Combat training
Combat training

Being a strategically positioned island, the nation of Sri Lanka takes pride in her navy. The Sri Lanka Navy has guarded our territorial seas, gradually expanding to upgrade the fleet with an assortment of advanced Offshore Patrol Vessels and frigate class vessels. Similar developments have been made in all allied and auxiliary branches of naval service. The transformation of a young civilian from the stage of a cadet to a midshipman and subsequently a flag rank officer such as a Captain, Commodore, Rear Admiral and finally Admiral is a demanding task. This is the role and task of the Naval and Maritime Academy (NMA) located in Trincomalee.

Nestled within the 800-acre Eastern Naval Command Headquarters, this training institute has successfully trained thousands of cadet officers. The NMA celebrated 50 years of service in 2018. Roman general Julius Caesar said, “Without training, they lacked knowledge. Without knowledge, they lacked confidence. Without confidence, they lacked victory.” This shows the importance of pragmatic training for a cadet officer. It has greater emphasis when sailing at sea, where the Captain and Officers must receive the trust and respect of their crews, hundreds of nautical miles away from shore.

Trincomalee is the deep soul of the Sri Lanka Navy, with its naturally blessed and formidable harbour. I have been privileged to visit the Eastern Naval Command on many occasions. Today, the NMA has grown to have 22 specialized schools of learning, including the OTW (Officer Training Wing) which takes in officer cadets and ensures that they pass out as confident Sub-Lieutenants. Likewise, sailors also learn their trade here in three phases during their active service in the Navy. The massive complex can train 2,000 personnel and has a library, a swimming pool, a gymnasium, a salon, an auditorium, a hospital and places of worship. The modern firing range has a target distance of 600 metres.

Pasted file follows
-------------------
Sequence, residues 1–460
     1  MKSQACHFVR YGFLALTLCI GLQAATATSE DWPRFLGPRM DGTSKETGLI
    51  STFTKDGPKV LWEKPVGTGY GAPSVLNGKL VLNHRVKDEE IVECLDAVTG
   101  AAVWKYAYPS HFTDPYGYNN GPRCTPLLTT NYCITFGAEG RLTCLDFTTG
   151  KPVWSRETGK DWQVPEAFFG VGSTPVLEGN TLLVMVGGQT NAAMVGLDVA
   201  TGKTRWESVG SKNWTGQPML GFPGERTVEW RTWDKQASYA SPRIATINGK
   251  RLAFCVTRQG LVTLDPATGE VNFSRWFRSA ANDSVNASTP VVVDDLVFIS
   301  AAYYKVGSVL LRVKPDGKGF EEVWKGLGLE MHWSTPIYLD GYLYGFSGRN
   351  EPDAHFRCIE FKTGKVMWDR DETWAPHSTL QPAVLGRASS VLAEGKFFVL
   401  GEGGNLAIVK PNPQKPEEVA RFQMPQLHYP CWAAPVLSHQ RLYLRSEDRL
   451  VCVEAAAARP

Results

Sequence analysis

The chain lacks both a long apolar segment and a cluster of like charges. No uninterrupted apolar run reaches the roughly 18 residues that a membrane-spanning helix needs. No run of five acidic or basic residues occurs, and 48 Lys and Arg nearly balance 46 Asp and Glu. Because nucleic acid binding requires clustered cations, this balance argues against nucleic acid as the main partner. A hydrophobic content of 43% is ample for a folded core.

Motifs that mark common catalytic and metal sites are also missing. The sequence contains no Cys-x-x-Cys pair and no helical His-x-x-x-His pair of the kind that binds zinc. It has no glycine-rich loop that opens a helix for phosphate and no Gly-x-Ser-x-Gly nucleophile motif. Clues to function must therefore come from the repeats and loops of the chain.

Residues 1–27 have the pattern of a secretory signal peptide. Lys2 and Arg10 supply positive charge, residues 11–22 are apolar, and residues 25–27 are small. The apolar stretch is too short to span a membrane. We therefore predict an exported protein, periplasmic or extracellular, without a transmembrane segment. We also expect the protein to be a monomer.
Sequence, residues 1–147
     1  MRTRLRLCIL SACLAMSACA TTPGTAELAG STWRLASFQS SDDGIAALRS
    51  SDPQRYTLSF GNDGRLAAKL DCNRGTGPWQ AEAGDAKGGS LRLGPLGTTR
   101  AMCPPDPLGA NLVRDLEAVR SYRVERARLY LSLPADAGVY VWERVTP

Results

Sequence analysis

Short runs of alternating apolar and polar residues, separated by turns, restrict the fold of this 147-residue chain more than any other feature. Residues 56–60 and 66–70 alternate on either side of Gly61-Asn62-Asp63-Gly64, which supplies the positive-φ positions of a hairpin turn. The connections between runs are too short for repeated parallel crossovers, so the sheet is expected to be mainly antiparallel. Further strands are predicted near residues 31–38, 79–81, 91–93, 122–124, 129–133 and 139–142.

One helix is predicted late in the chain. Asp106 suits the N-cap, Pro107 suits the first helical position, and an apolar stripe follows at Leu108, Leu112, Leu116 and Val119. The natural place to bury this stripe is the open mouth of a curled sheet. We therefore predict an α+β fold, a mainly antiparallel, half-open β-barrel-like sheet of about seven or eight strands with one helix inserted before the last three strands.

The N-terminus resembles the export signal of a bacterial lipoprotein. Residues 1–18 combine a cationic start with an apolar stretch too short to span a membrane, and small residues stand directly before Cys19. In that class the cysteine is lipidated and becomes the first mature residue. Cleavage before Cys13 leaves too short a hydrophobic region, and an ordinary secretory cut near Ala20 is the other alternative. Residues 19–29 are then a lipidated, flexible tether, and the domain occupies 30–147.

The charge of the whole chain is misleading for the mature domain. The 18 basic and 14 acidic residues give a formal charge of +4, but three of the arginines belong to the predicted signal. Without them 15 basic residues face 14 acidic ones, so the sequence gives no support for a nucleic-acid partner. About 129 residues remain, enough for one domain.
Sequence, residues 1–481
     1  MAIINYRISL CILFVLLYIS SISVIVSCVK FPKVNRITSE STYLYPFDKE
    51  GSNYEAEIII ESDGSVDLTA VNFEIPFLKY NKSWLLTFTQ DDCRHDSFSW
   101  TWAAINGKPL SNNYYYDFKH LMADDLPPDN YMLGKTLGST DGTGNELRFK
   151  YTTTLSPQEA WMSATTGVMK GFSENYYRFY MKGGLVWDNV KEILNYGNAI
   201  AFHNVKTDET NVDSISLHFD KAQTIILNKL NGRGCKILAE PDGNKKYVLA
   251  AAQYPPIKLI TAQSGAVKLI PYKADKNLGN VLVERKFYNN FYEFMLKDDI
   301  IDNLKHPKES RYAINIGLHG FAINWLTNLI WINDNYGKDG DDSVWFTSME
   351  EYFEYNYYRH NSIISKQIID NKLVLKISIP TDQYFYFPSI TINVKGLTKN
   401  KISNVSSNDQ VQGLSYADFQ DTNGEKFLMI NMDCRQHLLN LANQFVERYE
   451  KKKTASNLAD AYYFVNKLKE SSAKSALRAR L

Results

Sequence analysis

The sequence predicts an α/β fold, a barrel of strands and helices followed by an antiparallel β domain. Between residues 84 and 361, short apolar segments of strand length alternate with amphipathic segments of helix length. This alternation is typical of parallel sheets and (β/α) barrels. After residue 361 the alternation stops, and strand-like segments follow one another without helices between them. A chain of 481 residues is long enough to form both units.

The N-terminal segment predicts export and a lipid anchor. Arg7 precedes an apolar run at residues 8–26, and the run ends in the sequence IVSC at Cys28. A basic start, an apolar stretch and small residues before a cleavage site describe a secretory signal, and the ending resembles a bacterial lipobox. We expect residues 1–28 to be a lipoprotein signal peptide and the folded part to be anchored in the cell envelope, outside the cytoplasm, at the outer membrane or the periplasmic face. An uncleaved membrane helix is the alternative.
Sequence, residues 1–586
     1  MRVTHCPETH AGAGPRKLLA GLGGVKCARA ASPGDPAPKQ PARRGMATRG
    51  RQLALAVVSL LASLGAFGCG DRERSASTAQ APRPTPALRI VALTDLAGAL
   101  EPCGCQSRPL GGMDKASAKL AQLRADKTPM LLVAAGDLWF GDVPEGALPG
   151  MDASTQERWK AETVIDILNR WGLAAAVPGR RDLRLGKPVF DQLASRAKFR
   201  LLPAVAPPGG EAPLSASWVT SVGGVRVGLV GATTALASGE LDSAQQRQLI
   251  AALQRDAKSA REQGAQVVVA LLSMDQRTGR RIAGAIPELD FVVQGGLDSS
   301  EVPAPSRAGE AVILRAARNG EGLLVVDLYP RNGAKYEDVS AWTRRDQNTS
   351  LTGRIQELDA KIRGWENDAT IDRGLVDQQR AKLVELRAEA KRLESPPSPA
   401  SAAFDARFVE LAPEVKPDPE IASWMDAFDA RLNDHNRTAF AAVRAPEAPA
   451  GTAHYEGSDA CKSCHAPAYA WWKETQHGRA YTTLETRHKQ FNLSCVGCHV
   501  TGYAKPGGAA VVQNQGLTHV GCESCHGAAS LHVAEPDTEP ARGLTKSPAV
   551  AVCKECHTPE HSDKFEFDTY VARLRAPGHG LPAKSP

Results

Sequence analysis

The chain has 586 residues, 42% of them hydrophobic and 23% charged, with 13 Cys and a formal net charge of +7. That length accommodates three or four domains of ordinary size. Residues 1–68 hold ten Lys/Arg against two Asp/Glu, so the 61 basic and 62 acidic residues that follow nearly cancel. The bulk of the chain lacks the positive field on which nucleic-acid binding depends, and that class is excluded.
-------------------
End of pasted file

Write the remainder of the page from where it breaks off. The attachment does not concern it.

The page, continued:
Birth of NMA

In 1951, a naval training camp was established in the garrison town of Diyatalawa. The camp was commissioned as HMCyS Rangalla; its first officer in charge was Lieutenant Proctor. Its primary focus was basic recruit training. In 1963, the camp was relocated to Kochchikade. In 1965, a seaman training camp was set up in Trincomalee named HMCys Parakrama. In July 1967, the Naval and Maritime Academy was commissioned with its first commandant being Commander MGS Perera. He is thankfully remembered by generations of officers as a dynamic man with innovative and strategic thinking who set a solid foundation for the Naval Academy. M.G.S Perera, as an instructor, was able to relate to the level of a student’s intelligence. He worked with resolute dedication to set up the academy within a period of 18 months. At this stage, the Naval Academy had only five departments: Nautical, Engineering, Electrical, Communications and Supply.

For 23 years, Commander Perera served the Sri Lanka Navy inspiring officers and sailors. He retired as Director Naval Training. Before the setting up of the Naval and Maritime Academy, officer cadets were sent to the Britannia Royal College, Dartmouth, UK. Today, the NMA Trincomalee has received ISO certification. As I gazed at the photos of former commandants of this magnificent academy, I recognized the names of some Admirals who rose to command the Sri Lanka Navy: H.A. Silva, W.W.E. Clancy Fernando, H.A.C. Tissera, D.W.K Sandagiri, W.K.J. Karannagoda (Admiral of the Fleet), R.C. Wijegunaratne (former Chief of Defence Staff), Travis J.L. Sinniah and S.S. Ranasinghe.